By Sarah Starkey, Gayle Spinazze | June 16, 2022
Amnesia Atómica NYC, an exposition and call to reduce the dangers of nuclear weapons, opened in Times Square in mid-May. Presented by the Bulletin of the Atomic Scientists and Times Square Arts, Amnesia Atómica NYC brought artist Pedro Reyes’ inflatable mushroom cloud sculpture, ZERO NUKES, to Times Square May 17-24, 2022.
ZERO NUKES served as the centerpiece for Amnesia Atómica NYC which included a series of public programs and events throughout the city designed to spotlight the work of activists, artists, impacted communities, and organizations involved in non-proliferation and disarmament.
Amnesia Atómica was curated by Pedro Alonzo, who specializes in ambitious artworks in public spaces. Inspiration for Amnesia Atómica was sparked at an incubator created by N Square, a network of innovators committed to ending the nuclear threat.
Created by Pedro Reyes, this three-story inflatable mushroom cloud is a reminder that nuclear weapons continue to demand huge resources—resources that can and should be better deployed to meet 21st century opportunities and challenges. The artist’s intentions are to raise public awareness, revitalize the once vibrant anti-nuclear community and, most importantly, put pressure on political leaders, policymakers, and global citizens by reminding them of the consequences of inaction.
In developing the piece, the artist and program sponsors met with impacted community members, activist organizations, and other artists to ensure that the artwork included a variety of perspectives. For example, early preparatory work raised concerns that the mushroom cloud could be interpreted as jingoistic or a celebration of American industrial prowess. To avoid this possibility, the artist named the piece “Zero Nukes” and tattooed it with images of zeros. He also translated the word zero into the eight languages of the nine nuclear states and emblazoned the translations on the installation itself.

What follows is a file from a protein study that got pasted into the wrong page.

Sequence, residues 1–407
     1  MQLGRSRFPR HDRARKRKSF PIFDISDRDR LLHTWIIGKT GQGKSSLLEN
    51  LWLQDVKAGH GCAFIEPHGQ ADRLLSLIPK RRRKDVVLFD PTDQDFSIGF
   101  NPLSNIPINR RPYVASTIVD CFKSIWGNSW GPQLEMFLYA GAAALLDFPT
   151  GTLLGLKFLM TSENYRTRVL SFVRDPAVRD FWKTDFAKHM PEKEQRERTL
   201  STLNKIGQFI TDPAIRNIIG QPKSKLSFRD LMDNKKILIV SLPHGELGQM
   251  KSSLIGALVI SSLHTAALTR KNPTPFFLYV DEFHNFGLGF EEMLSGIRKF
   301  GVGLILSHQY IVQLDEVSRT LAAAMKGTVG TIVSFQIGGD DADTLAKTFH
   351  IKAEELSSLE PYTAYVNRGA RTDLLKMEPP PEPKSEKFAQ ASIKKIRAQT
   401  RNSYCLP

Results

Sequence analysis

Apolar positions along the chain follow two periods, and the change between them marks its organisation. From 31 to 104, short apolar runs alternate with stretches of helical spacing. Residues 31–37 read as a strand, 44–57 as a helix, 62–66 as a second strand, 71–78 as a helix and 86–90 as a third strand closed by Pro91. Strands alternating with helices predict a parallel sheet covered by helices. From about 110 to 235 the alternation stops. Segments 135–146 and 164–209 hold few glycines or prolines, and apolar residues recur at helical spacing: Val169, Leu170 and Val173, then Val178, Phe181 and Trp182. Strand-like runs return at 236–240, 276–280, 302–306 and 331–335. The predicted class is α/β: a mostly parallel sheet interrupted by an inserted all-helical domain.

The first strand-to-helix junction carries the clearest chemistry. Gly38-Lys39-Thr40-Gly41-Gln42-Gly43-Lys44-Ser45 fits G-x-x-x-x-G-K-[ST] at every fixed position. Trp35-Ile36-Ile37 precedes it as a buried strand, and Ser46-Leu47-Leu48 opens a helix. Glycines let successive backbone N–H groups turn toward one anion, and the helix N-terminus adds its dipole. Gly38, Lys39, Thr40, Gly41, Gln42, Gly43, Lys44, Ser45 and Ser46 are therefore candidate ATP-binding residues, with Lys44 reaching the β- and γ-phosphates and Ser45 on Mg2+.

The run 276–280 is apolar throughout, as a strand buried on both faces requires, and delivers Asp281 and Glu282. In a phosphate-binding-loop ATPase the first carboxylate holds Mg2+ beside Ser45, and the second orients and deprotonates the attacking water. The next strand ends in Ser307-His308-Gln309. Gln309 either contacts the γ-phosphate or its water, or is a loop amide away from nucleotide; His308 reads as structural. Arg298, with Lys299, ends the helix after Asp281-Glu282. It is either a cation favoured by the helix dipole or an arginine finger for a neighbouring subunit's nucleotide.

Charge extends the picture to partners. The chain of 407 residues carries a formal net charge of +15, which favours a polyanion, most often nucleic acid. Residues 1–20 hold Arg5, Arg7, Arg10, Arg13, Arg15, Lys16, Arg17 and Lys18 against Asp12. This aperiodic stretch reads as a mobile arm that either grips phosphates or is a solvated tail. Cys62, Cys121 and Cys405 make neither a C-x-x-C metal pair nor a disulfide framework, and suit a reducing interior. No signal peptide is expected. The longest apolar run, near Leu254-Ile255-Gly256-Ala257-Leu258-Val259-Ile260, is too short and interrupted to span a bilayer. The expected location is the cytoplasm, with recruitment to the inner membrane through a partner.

In response to concerns that the iconography of the mushroom cloud might raise the viewer’s line of sight upwards, rather than to the ground where the true horror of nuclear weapons is first and foremost experienced, the artist committed to accompany the statue with active programing under the mushroom cloud. In the New York City exhibition this came together in many different and important ways.
Stockpile. A new participatory work by Pedro Reyes in which a portion of 12,075 rocket shaped balloons—equivalent to size of the global nuclear arsenal—were handed out to the public daily.
A May 17 press event hosted by Times Square Arts that featured Nobel Peace Prize recipient Beatrice Fihn and Mitchie Takeuchi, a 2nd and 3rd generation Hiroshima survivor.
Frieze Art Fair May 18-22. The timing of Amnesia Atómica aligned with the Frieze Art Fair, a leading art fair that attracts artists and media worldwide. Pedro Reyes hosted two booths. One highlighted the history of anti-nuclear artwork including work by Isamu Noguchi from the Noguchi Museum in New York. The second booth was a pop-up shop referencing the artist’s ZERO NUKES sculpture and directing attendees to Duffy Square.
Mobilization Expo. A two-day event organized by the Bulletin showcased artists, activists, impacted community voices, and organizations offering hands-on activities, VR experiences, information booths and merchandise to engage those passing through Times Square.
Duffy Square kiosk takeover that offered information about ZERO NUKES, the Frieze Art Fair, the Bulletin, and the Mobilization Expo. Two pop-up signs on the Square all week reinforced the message.
Daily live events created by The Tank, a small, Manhattan-based non-profit arts presenter and producer serving emerging artists.
Information about all events was visible on digital kiosks throughout Manhattan.